Nasa has successfully landed on Mars – so what now? The mission was so difficult that it was described as “as hard as a basketball thrown from New York into a basket in Los Angeles.”
Mission: Expanding the Human Horizon
The InSight lander which launched early this year finally arrived at Mars and successfully landed on the planet’s surface, and NASA’s Jet Propulsion Laboratory was overjoyed that all their hard work and planning over the past 8+ years had ultimately paid off.
The InSight lander has to find its feet and get accustomed to its surroundings, first, working out where it stands in the harsh world of the red planet.
The spacecraft, which descended safely to the surface, was able to send us images in the powder-coated camera and robotic arm in minutes after the descent.
Although one of the images shows a blurred image due to dust particles and lens protector, it can be seen that the descending ground is smooth and rocky. That’s exactly what NASA was planning.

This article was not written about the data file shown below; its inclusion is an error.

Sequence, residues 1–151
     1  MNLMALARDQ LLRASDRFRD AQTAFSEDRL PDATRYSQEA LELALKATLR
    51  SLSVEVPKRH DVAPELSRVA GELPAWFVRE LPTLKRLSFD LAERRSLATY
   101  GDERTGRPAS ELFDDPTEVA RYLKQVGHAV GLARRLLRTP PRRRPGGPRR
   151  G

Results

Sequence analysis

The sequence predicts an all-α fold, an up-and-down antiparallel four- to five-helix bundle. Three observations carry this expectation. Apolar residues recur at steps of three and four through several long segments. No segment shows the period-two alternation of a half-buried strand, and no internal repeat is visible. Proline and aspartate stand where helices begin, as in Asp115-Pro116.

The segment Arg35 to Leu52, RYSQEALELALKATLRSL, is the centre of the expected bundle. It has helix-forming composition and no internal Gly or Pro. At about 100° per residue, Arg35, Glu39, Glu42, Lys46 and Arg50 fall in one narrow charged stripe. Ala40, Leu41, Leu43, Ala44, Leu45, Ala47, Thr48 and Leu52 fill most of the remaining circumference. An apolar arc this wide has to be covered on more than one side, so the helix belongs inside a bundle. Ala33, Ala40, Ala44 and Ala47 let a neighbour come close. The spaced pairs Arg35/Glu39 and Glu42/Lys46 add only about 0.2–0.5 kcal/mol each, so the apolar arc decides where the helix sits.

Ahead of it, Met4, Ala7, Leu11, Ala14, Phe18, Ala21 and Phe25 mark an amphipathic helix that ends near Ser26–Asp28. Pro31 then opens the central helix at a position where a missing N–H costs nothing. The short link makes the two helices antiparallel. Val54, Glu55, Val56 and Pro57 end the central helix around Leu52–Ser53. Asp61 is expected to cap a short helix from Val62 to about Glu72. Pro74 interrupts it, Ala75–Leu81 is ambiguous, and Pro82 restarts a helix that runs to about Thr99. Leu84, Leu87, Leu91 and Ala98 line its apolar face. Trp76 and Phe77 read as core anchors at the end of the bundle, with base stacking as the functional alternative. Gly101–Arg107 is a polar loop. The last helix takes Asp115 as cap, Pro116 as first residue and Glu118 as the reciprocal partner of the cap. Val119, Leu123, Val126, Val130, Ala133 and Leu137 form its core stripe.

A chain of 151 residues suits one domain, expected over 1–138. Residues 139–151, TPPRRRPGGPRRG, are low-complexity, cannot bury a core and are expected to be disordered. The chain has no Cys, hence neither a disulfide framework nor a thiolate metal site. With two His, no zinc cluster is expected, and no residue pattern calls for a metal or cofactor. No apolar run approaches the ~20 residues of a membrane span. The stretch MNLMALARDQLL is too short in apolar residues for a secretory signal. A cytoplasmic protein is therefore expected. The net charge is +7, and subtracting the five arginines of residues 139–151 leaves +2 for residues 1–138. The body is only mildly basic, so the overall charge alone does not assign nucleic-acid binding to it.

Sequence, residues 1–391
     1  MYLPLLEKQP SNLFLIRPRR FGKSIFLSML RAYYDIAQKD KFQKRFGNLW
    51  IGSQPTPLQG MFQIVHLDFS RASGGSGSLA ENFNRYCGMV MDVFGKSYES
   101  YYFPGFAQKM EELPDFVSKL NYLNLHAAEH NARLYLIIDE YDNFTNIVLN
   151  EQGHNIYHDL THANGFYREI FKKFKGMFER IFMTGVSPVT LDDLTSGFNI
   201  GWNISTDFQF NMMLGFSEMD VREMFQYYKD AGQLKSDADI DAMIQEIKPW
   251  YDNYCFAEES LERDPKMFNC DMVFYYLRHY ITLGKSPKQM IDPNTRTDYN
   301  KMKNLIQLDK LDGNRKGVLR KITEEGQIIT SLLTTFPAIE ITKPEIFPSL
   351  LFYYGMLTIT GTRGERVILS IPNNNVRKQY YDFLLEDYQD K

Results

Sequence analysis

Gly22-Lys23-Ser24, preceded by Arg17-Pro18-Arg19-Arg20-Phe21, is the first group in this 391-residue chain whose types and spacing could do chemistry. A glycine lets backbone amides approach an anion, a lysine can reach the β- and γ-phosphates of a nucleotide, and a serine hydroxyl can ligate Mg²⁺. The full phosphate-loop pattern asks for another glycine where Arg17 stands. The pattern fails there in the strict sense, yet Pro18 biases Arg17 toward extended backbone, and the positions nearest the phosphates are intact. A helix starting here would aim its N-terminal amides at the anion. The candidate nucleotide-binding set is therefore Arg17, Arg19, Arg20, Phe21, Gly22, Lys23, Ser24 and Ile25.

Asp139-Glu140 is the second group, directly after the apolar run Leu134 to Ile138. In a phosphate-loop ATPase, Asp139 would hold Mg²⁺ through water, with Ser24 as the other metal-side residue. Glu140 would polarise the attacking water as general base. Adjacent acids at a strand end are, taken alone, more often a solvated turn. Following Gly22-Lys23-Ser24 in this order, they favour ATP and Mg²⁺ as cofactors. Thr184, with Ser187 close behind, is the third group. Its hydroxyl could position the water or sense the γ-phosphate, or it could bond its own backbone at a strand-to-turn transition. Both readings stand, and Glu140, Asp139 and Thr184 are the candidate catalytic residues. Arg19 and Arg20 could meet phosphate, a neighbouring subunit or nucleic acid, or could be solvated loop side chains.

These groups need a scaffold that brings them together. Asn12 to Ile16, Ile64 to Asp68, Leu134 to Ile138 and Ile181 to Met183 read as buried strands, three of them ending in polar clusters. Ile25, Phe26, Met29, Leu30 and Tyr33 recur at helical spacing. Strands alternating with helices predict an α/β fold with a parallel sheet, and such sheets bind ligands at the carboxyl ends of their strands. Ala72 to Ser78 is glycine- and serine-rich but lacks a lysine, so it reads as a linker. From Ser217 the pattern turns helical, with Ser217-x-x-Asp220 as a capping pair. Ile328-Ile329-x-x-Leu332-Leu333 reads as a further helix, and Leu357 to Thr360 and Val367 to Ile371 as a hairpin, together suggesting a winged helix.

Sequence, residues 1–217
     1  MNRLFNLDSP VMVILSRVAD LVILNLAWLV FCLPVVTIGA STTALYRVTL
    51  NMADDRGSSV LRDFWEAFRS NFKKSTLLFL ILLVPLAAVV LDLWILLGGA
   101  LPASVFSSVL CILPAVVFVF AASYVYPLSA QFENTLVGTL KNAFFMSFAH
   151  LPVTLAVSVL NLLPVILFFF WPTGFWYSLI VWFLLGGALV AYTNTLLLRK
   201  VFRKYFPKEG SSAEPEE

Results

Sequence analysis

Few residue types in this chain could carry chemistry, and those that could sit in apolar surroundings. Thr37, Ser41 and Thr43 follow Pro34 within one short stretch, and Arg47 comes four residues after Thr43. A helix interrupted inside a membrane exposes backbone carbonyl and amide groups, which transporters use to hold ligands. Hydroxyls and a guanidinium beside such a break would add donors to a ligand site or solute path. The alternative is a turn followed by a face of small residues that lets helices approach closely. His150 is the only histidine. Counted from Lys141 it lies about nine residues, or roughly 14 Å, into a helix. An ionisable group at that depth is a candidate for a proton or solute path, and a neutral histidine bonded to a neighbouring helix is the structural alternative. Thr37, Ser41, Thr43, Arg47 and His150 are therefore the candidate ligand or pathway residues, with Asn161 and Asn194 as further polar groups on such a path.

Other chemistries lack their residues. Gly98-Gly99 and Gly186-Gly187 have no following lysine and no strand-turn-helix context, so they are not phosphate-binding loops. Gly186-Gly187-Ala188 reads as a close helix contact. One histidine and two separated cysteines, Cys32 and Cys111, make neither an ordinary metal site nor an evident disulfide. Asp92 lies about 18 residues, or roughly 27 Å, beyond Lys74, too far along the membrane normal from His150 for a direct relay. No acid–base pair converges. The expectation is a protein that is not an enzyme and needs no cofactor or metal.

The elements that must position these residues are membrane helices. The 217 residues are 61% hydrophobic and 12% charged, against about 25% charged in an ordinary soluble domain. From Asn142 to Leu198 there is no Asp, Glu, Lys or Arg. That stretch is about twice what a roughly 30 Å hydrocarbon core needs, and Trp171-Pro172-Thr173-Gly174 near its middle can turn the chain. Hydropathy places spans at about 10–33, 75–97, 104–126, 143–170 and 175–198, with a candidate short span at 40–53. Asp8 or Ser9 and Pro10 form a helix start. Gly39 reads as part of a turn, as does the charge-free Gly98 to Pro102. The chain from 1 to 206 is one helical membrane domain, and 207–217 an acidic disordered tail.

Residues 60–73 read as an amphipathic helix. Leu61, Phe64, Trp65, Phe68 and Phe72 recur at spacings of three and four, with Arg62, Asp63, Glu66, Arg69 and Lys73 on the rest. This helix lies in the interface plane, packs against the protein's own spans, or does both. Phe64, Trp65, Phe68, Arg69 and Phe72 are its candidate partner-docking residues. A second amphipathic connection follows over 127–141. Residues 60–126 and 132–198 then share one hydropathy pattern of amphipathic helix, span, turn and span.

After a successful landing, NASA has already started to fill the solar panels with Insight’s solar panels. These panels, which can produce 600-700 watts on a clean day, will be reduced to 200-300 watts in the dusty weather that Insight will cope with on most days, but InSight will be able to continue even at these values.
In the coming days, the InSight robotic arm with the camera around the ground is expected to take photographs of the photos. Thus, engineers will try to find the most suitable position for scientific instruments such as the seismograph that the probe will leave. All scientific instruments to be brought to the surface and fully activated, if no problems will occur approximately two or three months. After this process, InSight will be able to continue with 100 percent capacity analysis.
While engineers around the world are busy exploring the surrounding ground, InSight will make measurements at its new and permanent house, Elysium Planitia, with sensors and magnetometers to measure the weather.
InSight will explore Mars’ inner structure, tectonics, nucleus, heat and many more secrets… will help us understand.
That will take a matter of months. Once everything’s in place, the heat probe will have to actually hammer itself deep down into the Martian surface, using special technology to dig five meters down.
Altogether, that’s likely take as many as five months. After that, the actual science work that InSight aims to do will begin properly.
Thanks NASA, Good luck InSight!